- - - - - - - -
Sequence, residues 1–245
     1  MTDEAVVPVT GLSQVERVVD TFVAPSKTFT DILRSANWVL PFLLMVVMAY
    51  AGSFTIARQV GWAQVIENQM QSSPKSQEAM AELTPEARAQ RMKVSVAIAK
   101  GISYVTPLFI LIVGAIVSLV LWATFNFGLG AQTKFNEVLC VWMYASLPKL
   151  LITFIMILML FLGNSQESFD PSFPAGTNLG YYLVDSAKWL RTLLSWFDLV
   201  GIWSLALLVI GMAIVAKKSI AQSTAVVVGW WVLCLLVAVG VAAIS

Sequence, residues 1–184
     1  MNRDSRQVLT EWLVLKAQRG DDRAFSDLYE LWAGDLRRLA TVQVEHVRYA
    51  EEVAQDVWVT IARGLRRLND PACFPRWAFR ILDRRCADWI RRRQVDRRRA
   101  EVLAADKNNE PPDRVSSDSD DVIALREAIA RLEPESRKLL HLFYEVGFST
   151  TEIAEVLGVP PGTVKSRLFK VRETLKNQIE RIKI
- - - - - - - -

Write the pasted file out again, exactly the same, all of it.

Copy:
Sequence, residues 1–245
     1  MTDEAVVPVT GLSQVERVVD TFVAPSKTFT DILRSANWVL PFLLMVVMAY
    51  AGSFTIARQV GWAQVIENQM QSSPKSQEAM AELTPEARAQ RMKVSVAIAK
   101  GISYVTPLFI LIVGAIVSLV LWATFNFGLG AQTKFNEVLC VWMYASLPKL
   151  LITFIMILML FLGNSQESFD PSFPAGTNLG YYLVDSAKWL RTLLSWFDLV
   201  GIWSLALLVI GMAIVAKKSI AQSTAVVVGW WVLCLLVAVG VAAIS

Sequence, residues 1–184
     1  MNRDSRQVLT EWLVLKAQRG DDRAFSDLYE LWAGDLRRLA TVQVEHVRYA
    51  EEVAQDVWVT IARGLRRLND PACFPRWAFR ILDRRCADWI RRRQVDRRRA
   101  EVLAADKNNE PPDRVSSDSD DVIALREAIA RLEPESRKLL HLFYEVGFST
   151  TEIAEVLGVP PGTVKSRLFK VRETLKNQIE RIKI